T. Anthony Pollner Distinguished Professor, Fall 2010
ABOUT: Eli Saslow, a reporter with The Washington Post, taught a course on news writing--from breaking stories to in-depth coverage--during the fall of 2010. His Pollner lecture was about covering President Obama and other high-ranking public officials, and the "press bubble" that surrounds such figures today.
"My Pollner Experience" by Eli Saslow
By now you probably have read several of these testimonials from a decade of Pollner professors, so you know that there is so much I could rave about: the view from the office window of trees and mountains; the coworkers who guided us on hiking trails and microbrewery tours; the five-minute bike ride into work under a canopy of fall colors; the coffee and the food and the football games; the new friends - and there were many of them.
But lately, when I remember my time at the University of Montana in 2010, I am surprised by what I think back to the most. More than anything, I remember the teaching.
I had never taught before going to Missoula, and the idea of standing in front of a class terrified me. I am the son of two teachers and the brother of another, and I sought their advice before heading to Montana. They did their best to prepare me for the kind of teaching that they know after years of working in public high schools. They shared lessons on dealing with inattentive kids, giving long lectures, taking roll and managing classes so big that it was impossible to remember every student's name. I thanked them for their advice, but I arrived in Missoula more nervous than ever. Then, after about a week, I called my parents to give them an update.
"How's the teaching?" my mom asked.
"Teaching here," I said, "is not like your kind of teaching at all."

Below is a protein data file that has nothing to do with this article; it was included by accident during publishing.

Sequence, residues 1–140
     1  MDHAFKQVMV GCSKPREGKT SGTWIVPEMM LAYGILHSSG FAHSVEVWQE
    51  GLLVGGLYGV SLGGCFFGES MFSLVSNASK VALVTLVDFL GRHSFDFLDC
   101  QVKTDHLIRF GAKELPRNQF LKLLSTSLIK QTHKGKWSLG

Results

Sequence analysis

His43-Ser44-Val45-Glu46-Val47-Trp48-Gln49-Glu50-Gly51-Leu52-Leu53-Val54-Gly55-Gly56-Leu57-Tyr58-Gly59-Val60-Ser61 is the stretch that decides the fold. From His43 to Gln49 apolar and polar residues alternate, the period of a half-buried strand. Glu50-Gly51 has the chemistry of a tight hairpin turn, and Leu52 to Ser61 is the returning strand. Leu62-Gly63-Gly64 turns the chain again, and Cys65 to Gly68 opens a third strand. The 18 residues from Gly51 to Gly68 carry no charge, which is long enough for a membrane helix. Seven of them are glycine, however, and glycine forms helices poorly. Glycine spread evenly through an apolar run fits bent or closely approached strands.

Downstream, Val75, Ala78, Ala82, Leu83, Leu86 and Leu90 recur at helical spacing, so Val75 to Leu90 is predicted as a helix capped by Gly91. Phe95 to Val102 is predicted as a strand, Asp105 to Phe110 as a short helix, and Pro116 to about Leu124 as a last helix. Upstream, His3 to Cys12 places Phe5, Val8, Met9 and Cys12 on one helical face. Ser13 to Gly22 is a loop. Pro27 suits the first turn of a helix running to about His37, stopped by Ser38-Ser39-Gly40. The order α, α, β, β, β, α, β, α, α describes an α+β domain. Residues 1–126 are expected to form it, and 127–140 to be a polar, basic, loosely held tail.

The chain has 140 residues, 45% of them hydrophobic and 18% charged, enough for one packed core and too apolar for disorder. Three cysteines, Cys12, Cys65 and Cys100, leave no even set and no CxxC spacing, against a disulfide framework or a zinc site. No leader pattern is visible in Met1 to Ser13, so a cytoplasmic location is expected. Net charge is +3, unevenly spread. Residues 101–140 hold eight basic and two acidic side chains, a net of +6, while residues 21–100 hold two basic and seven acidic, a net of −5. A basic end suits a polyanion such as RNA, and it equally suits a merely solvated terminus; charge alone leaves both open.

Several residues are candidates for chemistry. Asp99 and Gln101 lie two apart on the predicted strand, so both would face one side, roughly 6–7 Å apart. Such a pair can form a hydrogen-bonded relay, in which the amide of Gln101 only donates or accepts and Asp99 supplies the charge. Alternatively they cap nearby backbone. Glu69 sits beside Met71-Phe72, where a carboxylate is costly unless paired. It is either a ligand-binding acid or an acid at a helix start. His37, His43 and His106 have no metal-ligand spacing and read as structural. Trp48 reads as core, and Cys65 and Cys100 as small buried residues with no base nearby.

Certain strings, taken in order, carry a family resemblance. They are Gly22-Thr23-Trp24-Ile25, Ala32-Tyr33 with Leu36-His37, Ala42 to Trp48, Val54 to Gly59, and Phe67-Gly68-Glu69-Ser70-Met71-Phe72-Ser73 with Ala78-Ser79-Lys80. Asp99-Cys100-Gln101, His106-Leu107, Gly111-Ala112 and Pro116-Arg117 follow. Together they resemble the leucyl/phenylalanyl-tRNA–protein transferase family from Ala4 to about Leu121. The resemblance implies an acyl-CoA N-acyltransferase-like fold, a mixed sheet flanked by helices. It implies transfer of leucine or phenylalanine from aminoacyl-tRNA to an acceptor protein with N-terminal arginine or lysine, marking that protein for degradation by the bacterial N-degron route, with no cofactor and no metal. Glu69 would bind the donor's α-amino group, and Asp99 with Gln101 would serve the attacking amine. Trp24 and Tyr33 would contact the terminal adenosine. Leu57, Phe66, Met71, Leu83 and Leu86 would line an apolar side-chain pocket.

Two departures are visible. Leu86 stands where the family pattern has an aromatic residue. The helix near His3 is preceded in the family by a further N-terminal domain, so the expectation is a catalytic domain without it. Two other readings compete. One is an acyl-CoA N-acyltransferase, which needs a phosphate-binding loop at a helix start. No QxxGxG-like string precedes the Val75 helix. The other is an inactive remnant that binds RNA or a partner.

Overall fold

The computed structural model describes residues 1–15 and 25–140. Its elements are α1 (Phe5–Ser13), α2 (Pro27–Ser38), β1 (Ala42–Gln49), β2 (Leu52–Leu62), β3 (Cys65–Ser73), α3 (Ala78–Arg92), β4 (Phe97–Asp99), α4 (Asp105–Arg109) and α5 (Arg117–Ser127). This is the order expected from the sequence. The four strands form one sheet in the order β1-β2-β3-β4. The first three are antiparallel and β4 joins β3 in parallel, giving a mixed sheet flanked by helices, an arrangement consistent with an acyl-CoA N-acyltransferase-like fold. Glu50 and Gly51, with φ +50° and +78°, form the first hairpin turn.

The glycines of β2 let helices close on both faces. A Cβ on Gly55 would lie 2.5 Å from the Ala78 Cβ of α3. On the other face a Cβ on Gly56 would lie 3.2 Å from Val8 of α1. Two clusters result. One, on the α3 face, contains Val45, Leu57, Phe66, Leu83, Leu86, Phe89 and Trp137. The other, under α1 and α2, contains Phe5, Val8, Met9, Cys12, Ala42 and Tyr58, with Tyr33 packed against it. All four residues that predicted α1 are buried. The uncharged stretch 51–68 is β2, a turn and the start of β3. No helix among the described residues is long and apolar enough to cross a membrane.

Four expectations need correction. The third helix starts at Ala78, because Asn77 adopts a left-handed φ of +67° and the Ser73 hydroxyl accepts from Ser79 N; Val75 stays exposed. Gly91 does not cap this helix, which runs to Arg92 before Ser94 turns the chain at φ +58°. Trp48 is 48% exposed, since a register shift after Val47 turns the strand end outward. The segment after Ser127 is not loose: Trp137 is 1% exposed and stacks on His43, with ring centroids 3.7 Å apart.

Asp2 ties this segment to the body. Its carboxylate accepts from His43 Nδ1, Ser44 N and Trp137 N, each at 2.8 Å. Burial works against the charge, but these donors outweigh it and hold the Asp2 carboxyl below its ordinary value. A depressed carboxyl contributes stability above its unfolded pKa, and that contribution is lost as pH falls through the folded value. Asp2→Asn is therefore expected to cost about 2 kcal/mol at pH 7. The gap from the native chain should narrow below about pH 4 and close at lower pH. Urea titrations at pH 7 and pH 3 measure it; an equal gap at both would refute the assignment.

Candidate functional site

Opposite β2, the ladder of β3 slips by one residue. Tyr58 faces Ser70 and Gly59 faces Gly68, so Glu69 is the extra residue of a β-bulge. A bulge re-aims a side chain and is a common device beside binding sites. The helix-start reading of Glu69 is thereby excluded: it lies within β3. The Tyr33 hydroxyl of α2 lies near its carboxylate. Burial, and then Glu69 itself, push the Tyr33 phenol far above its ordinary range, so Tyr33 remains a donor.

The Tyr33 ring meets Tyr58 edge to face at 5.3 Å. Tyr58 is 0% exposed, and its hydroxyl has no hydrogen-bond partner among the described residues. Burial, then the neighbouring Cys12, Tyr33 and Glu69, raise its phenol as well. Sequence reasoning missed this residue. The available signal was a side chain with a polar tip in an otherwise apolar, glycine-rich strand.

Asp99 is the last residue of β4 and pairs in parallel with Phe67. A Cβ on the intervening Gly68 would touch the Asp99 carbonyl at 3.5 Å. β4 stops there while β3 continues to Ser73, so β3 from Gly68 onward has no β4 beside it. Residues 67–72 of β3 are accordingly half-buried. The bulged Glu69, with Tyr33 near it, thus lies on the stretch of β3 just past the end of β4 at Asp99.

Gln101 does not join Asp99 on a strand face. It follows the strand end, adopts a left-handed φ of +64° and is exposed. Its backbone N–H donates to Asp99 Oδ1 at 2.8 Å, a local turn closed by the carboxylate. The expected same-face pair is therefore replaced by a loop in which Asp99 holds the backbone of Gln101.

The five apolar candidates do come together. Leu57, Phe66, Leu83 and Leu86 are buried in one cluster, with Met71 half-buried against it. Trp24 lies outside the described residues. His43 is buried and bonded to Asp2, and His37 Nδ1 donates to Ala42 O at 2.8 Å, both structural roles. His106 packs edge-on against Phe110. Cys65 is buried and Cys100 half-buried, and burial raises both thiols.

The Pollner professorship - as my family, friends and colleagues often reminded me - comes with perhaps the best teaching set up of all time. I taught one class during the fall semester, and its enrollment totaled 17 students. They were all experienced writers, mostly seniors and graduate students. Twice each week, we sat around a circular wooden table with sweeping views of campus and talked about writing. I never lectured. We read great stories and discussed what made them great. We shared ideas. They read their own writing out loud in class and asked each other thoughtful questions. During our best classes, I felt more like their group leader and less like their teacher.
By the end of the semester, I didn't just know all of my student's names. I knew their hometowns, their writing styles, their insecurities and their favorite restaurants. With a class so small, each student became almost like a friend. They took me to football games and introduced me to new music. My wife and I had them over for pizza. We met them downtown for coffee. They stopped by my office to continue conversations that we had started in class. They asked for internship advice and letters of recommendation. Mostly, they asked for help editing their stories. What impressed me most about them was how much they cared. They wanted so badly to get better, and I watched with delight as many of them did.
When my time in Missoula ended, my wife and I packed up the car to drive back to our house, our jobs and our lives in Washington. We stopped on our way home in Denver, where my parents live. We talked a lot with them about Montana, sharing all the usual raves. They asked me if my time as the Pollner professor had made me want to be a teacher.
"No," I said. "It made me want to be a teacher there."